What is Swing Trading?
You’ve likely heard of swing trading, but what exactly is it? In this guide, we’ll break down this dynamic, low-pressure trading strategy that’s gaining traction among savvy investors.
The flexibility of swing trading allows many traders to maintain a day job while trading the market as a side hustle. It also offers a comfortable middle ground between the stress of day trading and the long-term commitment of buy-and-hold investing. Essentially, swing trading is all about finding the sweet spot, catching trends over several days, and locking in gains while minimizing risk.
Let’s walk through the ins and outs of swing trading, starting with the basics. You’ll get a better idea about what swing trading is and whether it’s the right strategy for you.
What is Swing Trading?
If you’re looking for a trading strategy that offers a practical and versatile approach to the markets, swing trading might just be your answer.
So, what is swing trading? At its core, it’s a trading style that focuses on capturing short- to medium-term price movements in the Forex market. Swing trading strikes a balance between the lightning-fast pace of day trading and the long-term commitment of buy-and-hold investing. You ride the waves of “swing movements” in currency prices. This makes it accessible and appealing to both beginners and experienced traders.
In swing trading, traders enter positions with plans to catch the upswings (when the price rises) and sell the downswings (when the price falls). This happens within a given time frame, which can vary from a few days to weeks. Because of this, swing traders can manage risk effectively. You see, in short-term trading, an asset price changes quite a bit. But over a longer period of time, the trend becomes clearer. As a result, it’s easier to plan an entry.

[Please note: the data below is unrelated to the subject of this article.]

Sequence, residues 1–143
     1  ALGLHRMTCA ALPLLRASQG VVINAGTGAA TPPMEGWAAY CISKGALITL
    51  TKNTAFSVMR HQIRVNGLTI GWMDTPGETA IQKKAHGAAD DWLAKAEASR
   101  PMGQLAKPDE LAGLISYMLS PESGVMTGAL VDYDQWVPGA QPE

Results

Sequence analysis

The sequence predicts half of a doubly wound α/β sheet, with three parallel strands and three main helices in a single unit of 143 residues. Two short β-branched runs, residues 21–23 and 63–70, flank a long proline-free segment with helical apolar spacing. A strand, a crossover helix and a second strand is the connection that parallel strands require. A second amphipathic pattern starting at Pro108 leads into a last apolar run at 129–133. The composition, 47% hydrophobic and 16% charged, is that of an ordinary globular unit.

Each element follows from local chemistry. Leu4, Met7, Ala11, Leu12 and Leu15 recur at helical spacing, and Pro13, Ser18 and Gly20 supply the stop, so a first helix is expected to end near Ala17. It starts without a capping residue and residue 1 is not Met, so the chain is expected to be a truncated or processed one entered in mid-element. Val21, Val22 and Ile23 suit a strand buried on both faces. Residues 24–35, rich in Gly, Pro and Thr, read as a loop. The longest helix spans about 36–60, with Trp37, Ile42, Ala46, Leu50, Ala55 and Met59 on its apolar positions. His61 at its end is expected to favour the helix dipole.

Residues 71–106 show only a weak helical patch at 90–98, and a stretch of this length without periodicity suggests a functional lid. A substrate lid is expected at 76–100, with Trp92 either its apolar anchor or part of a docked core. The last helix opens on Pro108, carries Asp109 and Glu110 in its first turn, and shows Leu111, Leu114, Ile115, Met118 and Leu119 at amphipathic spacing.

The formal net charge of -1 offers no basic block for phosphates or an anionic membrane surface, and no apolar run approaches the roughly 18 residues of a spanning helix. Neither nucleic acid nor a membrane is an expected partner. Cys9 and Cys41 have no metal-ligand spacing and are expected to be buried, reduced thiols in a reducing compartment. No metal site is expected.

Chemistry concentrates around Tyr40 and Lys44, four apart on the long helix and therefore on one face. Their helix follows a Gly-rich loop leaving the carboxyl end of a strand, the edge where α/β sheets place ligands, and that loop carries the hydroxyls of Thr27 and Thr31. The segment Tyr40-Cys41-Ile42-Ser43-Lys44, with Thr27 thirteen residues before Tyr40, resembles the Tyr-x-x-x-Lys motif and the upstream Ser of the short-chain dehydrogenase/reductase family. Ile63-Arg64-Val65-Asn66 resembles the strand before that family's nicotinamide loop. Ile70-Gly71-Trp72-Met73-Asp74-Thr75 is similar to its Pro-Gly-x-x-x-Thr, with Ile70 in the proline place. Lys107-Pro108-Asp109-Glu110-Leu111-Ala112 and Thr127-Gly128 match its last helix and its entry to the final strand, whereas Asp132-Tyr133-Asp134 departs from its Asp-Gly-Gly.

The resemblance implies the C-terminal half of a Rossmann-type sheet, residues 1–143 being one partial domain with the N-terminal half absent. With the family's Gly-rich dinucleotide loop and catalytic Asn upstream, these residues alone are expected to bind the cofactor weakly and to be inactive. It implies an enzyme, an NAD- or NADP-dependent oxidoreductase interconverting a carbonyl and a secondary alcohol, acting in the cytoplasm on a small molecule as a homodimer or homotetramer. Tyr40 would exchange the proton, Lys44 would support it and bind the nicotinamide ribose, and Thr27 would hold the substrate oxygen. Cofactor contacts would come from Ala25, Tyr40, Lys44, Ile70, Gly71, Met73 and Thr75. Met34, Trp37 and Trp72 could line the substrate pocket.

One of the key factors to help you succeed in swing trading is technical analysis. You should be comfortable using technical tools and indicators to analyze price charts and gauge the strength of trends. This way, you’ll be better able to predict market sentiment and set effective stop-loss orders.
Whether you have a full-time job or are a seasoned trader, this strategy can be tailored to suit many schedules and risk tolerances. In fact, for beginners, it’s can be practical way to engage with the markets.
Pros and Cons of Swing Trading
Considering whether swing trading is for you? Let’s break down the pros and cons to help you decide.
Pros of Swing Trading:
- It’s flexible: The standout benefit of this strategy is its adaptability. With swing trading, you don’t have to constantly monitor the market. So, even if you have a full-time job or other commitments, you can still participate in the Forex market.
- Higher potential for profit: It’s not easy to spot a trend on a 15-minute chart. But when you’re tracking the market for a longer time, the trends become clearer. This makes it easier to capitalize on short- to medium-term price swings.